Springfield schools participate in new leadership initiative

The Leader in Me initiative builds life-skills, creates high-trust culture and sustains academic achievement.

The Springfield City School District is now participating in a worldwide leadership initiative.

The Leader in Me initiative is a leadership model developed for schools that builds confidence and life skills in students, creates a high-trust school culture and lays the foundation for sustained academic achievement beyond the classroom.

Springfield is the only district in the Dayton region to be designated as a “Leader in Me” school.

“Leader in Me creates an environment where each of our students is able to unlock their potential to be a leader, no matter what type of leader that may be,” said Superintendent Bob Hill. “Even the youngest of our Wildcats are learning valuable life skills such as how to be proactive, how to set goals, how to efficiently work together and how to take care of your mental and emotional health as part of their daily curriculum.”

Before participating in the initiative, Springfield educators visited several Leader in Me schools around the country to understand how those schools operate.

“Walking into the building, it felt like a place of learning, it felt like a family, it felt like a welcoming environment where anybody could thrive there,” Deborah Howard, principal at Fulton Elementary School, said about her visit at A.B. Combs in North Carolina. “The hallways were colorful, filled with acknowledgement of the diversity of the building with all the flags, pictures of students work, pictures of the staff and all of their credentials ... It was just a very lively building.”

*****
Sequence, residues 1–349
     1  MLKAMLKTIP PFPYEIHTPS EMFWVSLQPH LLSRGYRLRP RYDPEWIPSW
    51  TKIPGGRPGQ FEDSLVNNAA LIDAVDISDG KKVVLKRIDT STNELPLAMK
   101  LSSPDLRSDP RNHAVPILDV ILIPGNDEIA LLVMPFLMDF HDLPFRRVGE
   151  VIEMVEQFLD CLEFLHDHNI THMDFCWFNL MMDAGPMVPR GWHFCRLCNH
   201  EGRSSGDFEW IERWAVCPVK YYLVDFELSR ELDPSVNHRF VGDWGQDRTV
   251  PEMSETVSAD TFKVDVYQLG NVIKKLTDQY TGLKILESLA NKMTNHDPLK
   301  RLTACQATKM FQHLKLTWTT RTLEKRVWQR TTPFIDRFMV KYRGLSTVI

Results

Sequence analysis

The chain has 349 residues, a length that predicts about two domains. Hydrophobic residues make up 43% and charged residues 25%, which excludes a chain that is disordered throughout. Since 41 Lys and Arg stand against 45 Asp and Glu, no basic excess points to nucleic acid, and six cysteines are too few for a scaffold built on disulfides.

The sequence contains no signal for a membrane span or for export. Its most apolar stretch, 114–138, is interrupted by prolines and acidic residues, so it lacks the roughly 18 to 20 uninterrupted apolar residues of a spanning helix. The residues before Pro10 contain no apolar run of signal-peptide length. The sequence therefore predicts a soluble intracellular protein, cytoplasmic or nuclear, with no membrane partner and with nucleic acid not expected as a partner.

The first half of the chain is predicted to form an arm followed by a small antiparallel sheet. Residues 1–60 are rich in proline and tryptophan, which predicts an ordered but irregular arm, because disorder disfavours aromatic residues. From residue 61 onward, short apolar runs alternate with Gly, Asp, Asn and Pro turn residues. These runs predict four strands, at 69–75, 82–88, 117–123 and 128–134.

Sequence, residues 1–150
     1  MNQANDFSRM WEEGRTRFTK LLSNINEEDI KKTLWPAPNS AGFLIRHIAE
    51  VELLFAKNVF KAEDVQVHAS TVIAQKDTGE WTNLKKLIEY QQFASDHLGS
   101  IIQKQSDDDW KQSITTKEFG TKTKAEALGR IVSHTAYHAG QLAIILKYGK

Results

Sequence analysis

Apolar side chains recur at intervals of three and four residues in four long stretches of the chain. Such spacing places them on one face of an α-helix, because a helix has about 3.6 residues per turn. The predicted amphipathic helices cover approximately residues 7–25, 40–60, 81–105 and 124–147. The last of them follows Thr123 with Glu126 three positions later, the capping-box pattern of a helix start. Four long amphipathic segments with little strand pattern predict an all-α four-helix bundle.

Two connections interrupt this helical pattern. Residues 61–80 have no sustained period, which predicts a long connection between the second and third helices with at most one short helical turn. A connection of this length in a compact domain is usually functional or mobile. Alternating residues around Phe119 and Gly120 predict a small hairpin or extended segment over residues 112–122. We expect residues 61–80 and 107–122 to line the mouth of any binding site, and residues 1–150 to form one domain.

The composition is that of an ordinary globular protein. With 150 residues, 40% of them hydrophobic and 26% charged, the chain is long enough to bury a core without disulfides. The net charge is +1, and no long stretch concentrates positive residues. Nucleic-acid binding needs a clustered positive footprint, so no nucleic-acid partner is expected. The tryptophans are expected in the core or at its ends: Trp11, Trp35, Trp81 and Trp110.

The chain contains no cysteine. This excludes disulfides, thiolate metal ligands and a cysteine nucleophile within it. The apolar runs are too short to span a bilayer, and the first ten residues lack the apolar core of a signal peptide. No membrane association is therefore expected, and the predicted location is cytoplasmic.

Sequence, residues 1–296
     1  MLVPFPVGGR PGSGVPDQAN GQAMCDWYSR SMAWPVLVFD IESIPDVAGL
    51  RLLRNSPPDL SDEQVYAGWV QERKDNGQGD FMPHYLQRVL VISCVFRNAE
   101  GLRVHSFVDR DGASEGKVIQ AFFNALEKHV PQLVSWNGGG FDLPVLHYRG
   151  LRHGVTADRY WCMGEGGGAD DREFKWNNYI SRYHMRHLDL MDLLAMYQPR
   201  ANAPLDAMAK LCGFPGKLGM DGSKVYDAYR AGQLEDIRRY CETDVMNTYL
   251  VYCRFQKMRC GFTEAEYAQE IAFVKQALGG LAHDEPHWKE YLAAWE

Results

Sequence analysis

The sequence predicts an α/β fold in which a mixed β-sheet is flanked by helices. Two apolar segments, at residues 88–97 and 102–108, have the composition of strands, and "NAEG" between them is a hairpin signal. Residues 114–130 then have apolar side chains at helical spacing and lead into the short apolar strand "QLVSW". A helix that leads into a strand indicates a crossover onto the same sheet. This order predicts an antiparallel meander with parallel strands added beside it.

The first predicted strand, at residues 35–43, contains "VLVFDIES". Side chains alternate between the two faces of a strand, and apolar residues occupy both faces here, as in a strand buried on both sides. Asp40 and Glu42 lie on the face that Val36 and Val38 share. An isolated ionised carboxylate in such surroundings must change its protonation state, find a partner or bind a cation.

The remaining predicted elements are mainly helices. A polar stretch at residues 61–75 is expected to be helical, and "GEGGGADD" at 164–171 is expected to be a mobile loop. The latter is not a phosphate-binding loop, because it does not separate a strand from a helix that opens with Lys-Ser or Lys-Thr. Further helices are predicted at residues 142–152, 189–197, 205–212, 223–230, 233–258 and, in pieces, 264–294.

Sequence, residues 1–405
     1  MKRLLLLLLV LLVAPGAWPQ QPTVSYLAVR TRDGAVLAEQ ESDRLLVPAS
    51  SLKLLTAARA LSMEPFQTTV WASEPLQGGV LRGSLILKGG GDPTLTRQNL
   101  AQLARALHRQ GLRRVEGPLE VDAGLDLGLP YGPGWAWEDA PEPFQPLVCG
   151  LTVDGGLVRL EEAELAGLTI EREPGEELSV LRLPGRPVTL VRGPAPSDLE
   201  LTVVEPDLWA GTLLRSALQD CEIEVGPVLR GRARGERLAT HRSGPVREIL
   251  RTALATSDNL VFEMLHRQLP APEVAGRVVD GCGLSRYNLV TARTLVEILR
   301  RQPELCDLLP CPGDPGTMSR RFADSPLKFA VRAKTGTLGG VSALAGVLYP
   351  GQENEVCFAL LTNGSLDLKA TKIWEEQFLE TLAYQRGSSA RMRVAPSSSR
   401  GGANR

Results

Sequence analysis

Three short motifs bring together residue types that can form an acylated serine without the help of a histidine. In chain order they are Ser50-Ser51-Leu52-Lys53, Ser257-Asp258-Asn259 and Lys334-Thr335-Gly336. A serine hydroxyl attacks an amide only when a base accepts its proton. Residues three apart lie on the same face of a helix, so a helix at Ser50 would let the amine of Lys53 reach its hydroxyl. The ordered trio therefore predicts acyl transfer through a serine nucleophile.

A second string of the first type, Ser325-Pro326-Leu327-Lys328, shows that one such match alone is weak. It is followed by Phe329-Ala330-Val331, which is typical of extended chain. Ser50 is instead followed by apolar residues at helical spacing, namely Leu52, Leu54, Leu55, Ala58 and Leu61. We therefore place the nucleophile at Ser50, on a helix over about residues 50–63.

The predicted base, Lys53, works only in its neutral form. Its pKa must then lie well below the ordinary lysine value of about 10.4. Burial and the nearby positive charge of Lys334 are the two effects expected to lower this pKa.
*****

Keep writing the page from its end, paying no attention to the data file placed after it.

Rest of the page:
Aimee Newton, kindergarten teacher at Lincoln Elementary, and Kaitlin Bailey, instructional coach at Hayward Middle School, both visited schools in Findlay, and Chris Robinson, counselor at Snyder Park Elementary, visited Cheviot Elementary in Cincinnati.

“It’s a matter of our students need the opportunity to become leaders. A lot of them don’t see that they have a bright future, and I kind of see this as a tool to give them the opportunity and give teachers an opportunity to show them how they can become positive members of the community,” Robinson said.

The district also recently trained more than 1,000 staff members in “The Seven Habits of Highly Effective People,” which directly translates to the principles of the Leader in Me. The seven habits are Be Proactive, Begin With the End in Mind, Put First Things First, Think Win-Win, Seek First to Understand, Then to Be Understood, Synergize and Sharpen the Saw.

“I’m exciting because the seven habits are just things that make a good human being, and they’re going to set our kids up to learn very early what it means to own your failures and your success. It’s going to set them up early to understand there’s a purpose behind the things we learn,” said high school principal Lisa Cunningham.

Zach Raines, Schaefer Middle School principal, said the initiative is an opportunity for student growth and will create positive change in the culture of the buildings.

Leader in Me was originally developed by a principal and teachers in North Carolina who wanted to teach their students life skills alongside academics. There are now more than 5,000 Leader in Me schools in all 50 states and in over 50 countries.

About the Author